In 2013, the idea of an amber workshop as a source of inspiration was also introduced to the world of Polish creative industry design. Last April, the first workshop was held in Gdańsk with designers from Zuo Corp (clothing), Beza Projekt (design), Nick-Nack (clothing), Zouza (handbags), Solo Femme and Marta Kuba (footwear) and Agnieszka Maciejak (clothing). It turns out that the idea of amber shared by Polish product and fashion designers is not very different from that held by jewellers from abroad. Both groups have one thing in common: they love natural amber forms and love using them in the end product. “I had no idea that the most beautiful amber nuggets were the uncut ones. The ones with swellings. Kind of rebellious and rough. I had no idea that one amber nugget can float, another can’t. I had no idea that an amber tincture is a great remedy for a headache or pains in your joints. I learnt a lot. Zouza will put this knowledge to use!” said Beata Sadowska, eminent journalist and owner of the ladies’ handbag manufacturer Zouza, after completing the workshop.

Another noteworthy approach to amber was presented by Anna Łoskiewicz and Zofia Strumiłło-Sukiennik of Beza Projekt, whose designs include the Milk and Honey set, commissioned by the Ministry of Foreign Affairs for Poland’s European Union Presidency, used to make a traditional beverage: milk with honey. “Every amber nugget is at least forty million years old. People aren’t aware that they are dealing with traces of history. We live in a world of temporary objects, the product cycle is growing shorter, and here we have a material that has been around for so long. We are dealing with a certain phenomenon and we feel that one shouldn’t see its features as faults. We want to use amber in mass production and we hope that we will manage to come up with such a design,” said the designers after the amber workshop concluded. We waited several months for the results: together with Zbigniew Strzelczyk, the Beza Projekt designers developed a set of amber-decorated light-switches to be marketed by the interior design industry. The other designers used amber in shoes, handbags and clothing which will be auctioned off for charity. The designs by Nick-Nack Gdańsk are especially noteworthy. At the workshop, they made a fabulous leather tunic decocorated with amber, auctioned off at the Hospice Foundation’s Have a Heart Ball at the Hilton Hotel in Gdańsk (February 2014), and an amber gown worthy of wardrobe of many a European queen.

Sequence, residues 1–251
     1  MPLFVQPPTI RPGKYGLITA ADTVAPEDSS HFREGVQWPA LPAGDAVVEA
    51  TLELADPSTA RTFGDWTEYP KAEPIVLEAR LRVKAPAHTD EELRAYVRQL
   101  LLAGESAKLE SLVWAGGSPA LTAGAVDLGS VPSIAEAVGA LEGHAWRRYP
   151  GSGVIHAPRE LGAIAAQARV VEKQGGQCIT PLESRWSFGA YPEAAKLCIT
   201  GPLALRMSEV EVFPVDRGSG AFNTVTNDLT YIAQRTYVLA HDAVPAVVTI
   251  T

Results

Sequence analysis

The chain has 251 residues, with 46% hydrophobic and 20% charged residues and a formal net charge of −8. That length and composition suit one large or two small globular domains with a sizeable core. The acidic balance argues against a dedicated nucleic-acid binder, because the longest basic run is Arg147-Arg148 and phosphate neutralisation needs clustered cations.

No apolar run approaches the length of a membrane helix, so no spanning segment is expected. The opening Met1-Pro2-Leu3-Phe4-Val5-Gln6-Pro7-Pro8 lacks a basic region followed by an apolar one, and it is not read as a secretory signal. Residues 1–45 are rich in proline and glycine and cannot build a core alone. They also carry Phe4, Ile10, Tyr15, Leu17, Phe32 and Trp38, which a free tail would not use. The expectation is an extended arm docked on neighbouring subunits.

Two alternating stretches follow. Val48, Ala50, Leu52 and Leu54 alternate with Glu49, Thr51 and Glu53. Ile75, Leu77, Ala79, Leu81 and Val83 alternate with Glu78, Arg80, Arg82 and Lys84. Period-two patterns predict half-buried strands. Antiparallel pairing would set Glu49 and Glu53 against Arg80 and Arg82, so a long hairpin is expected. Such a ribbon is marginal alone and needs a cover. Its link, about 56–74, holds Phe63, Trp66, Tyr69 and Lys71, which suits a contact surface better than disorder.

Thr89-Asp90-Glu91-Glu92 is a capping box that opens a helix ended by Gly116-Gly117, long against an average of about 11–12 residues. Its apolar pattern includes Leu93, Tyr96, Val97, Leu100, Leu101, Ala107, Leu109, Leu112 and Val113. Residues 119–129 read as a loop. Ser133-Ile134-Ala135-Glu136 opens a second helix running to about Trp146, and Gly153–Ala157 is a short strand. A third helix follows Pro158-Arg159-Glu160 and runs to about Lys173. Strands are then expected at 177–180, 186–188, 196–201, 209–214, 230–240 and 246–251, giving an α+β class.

Only natural amber

The experience gained at the amber workshops by jewellery designers from abroad and by Polish creative industry designers is the same. All of them appreciated amber’s millions of years of history, its unique beauty and magic, natural forms and colours. This is where they saw amber’s strength, prestige and repute. They were surprised and confused by the “barbaric” approach to amber shown by mass-producers of jewellery. Creating original pieces with natural amber and placing them in the hi-end sector was self-evident for all the workshop participants. Only then did it make sense, they all agreed. Let us hope that our amber industry takes this to heart.

Source: Amber news review 2013, World Amber Council